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The word “electronic keyboard” describes any instrument that produces sound by the pressing or striking of keys, and uses electricity, in some manner, to facilitate the creation of that sound. Using a digital keyboard to generate music follows an unavoidable evolutionary line from the first musical keyboard instruments, the pipe organ, clavichord, and harpsichord. The pipe organ is the oldest of these, initially developed by the Romans in the 3rd century B.C., and known as the hydraulis. The hydraulis produced sound by forcing air through reed pipes, and was powered through a manual water pump or a natural water source such as a waterfall.

From it’s first manifestation in ancient Rome till the 14th century, the organ remained the only real keyboard instrument. It often did not include a keyboard whatsoever, instead utilizing large levers or buttons which were operated by using the whole hand.

The subsequent appearance in the clavichord and harpsichord within the 1300’s was accelerated from the standardization of the 12-tone keyboard of white natural keys and black sharp/flat keys present in all keyboard instruments of today. The recognition of the clavichord and harpsichord was eventually eclipsed by the development and widespread adoption in the piano within the 18th century. The piano keyboard reviews was a revolutionary advancement in acoustic musical keyboards since a pianist could vary the volume (or dynamics) of the sound the instrument produced by varying the force in which each key was struck.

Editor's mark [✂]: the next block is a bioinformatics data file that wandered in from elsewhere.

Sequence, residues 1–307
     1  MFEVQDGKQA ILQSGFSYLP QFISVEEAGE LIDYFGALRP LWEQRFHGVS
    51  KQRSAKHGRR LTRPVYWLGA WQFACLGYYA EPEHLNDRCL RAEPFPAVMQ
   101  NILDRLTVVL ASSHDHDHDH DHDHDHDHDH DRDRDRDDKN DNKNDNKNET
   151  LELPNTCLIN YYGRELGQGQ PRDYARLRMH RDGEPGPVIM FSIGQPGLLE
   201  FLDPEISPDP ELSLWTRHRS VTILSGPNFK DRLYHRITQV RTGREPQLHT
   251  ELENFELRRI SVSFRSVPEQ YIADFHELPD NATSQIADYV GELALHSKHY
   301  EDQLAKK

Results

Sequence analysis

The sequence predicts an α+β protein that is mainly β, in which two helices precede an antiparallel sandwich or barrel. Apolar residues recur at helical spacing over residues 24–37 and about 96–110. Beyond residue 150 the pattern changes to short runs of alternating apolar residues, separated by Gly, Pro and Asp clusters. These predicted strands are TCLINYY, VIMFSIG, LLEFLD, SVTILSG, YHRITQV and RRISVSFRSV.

The emergence of electronic sound technology within the 18th century was the next essential step in the development of the modern electronic keyboard. The very first electrified musical instrument was regarded as the Denis d’or (built by Vaclav Prokop Dovis), dating from about 1753. It was shortly followed by the “clavecin electrique” invented by Jean Baptiste Thillaie de Laborde around 1760. The former instrument was made up of over 700 strings temporarily electrified to improve their sonic qualities. The later had been a keyboard instrument featuring plectra, or picks, which were activated electrically.

While being electrified, neither the Denis d’or or the clavecin used electricity as being a sound source. In 1876, Elisha Gray invented this type of instrument known as the “musical telegraph.,” which was, essentially, the very first analog electronic synthesizer. Gray found that he could control sound from the self-vibrating electromagnetic circuit, and so invented a basic single note oscillator. His musical telegraph created sounds from your electromagnetic oscillation of steel reeds and transmitted them spanning a telephone line. Grey went on to add an easy loudspeaker into his later models which was made up of a diaphragm vibrating in a magnetic field, making the tone oscillator audible.

Lee De Forrest, the self-styled “Father Of Radio,” was the following major cause of the development of the electronic keyboard. In 1906 he invented the triode electronic valve or “audion valve.” The audion valve was the very first thermionic valve or “vacuum tube,” and De Forrest built the initial vacuum tube instrument, the digitale piano in 1915. The vacuum tube became an important element of electronic instruments for the following fifty years up until the emergence and widespread adoption of transistor technology.

The decade from the 1920’s brought an abundance of new electronic instruments onto the scene including the Theremin, the Ondes Martenot, and also the Trautonium.